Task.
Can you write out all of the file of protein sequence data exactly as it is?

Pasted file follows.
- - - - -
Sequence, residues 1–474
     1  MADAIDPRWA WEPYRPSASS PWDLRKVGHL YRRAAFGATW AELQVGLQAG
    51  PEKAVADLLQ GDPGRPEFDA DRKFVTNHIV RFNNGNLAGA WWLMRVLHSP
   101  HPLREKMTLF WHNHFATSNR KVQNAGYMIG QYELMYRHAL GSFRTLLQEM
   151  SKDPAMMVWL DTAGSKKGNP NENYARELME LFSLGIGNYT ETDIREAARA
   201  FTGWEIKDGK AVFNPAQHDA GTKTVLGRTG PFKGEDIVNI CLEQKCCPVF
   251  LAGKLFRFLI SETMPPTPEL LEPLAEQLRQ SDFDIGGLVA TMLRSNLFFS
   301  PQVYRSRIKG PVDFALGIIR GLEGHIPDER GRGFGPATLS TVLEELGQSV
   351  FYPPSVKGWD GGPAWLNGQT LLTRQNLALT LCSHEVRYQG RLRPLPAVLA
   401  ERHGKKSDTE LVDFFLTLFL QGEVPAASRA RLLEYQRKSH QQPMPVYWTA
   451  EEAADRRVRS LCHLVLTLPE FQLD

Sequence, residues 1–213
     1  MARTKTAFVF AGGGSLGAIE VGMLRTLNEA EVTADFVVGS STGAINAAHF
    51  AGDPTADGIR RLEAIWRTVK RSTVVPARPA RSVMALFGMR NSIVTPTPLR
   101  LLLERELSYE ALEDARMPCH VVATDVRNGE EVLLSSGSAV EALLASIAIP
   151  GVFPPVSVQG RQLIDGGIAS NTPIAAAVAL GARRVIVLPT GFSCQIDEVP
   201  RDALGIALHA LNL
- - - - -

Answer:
Sequence, residues 1–474
     1  MADAIDPRWA WEPYRPSASS PWDLRKVGHL YRRAAFGATW AELQVGLQAG
    51  PEKAVADLLQ GDPGRPEFDA DRKFVTNHIV RFNNGNLAGA WWLMRVLHSP
   101  HPLREKMTLF WHNHFATSNR KVQNAGYMIG QYELMYRHAL GSFRTLLQEM
   151  SKDPAMMVWL DTAGSKKGNP NENYARELME LFSLGIGNYT ETDIREAARA
   201  FTGWEIKDGK AVFNPAQHDA GTKTVLGRTG PFKGEDIVNI CLEQKCCPVF
   251  LAGKLFRFLI SETMPPTPEL LEPLAEQLRQ SDFDIGGLVA TMLRSNLFFS
   301  PQVYRSRIKG PVDFALGIIR GLEGHIPDER GRGFGPATLS TVLEELGQSV
   351  FYPPSVKGWD GGPAWLNGQT LLTRQNLALT LCSHEVRYQG RLRPLPAVLA
   401  ERHGKKSDTE LVDFFLTLFL QGEVPAASRA RLLEYQRKSH QQPMPVYWTA
   451  EEAADRRVRS LCHLVLTLPE FQLD

Sequence, residues 1–213
     1  MARTKTAFVF AGGGSLGAIE VGMLRTLNEA EVTADFVVGS STGAINAAHF
    51  AGDPTADGIR RLEAIWRTVK RSTVVPARPA RSVMALFGMR NSIVTPTPLR
   101  LLLERELSYE ALEDARMPCH VVATDVRNGE EVLLSSGSAV EALLASIAIP
   151  GVFPPVSVQG RQLIDGGIAS NTPIAAAVAL GARRVIVLPT GFSCQIDEVP
   201  RDALGIALHA LNL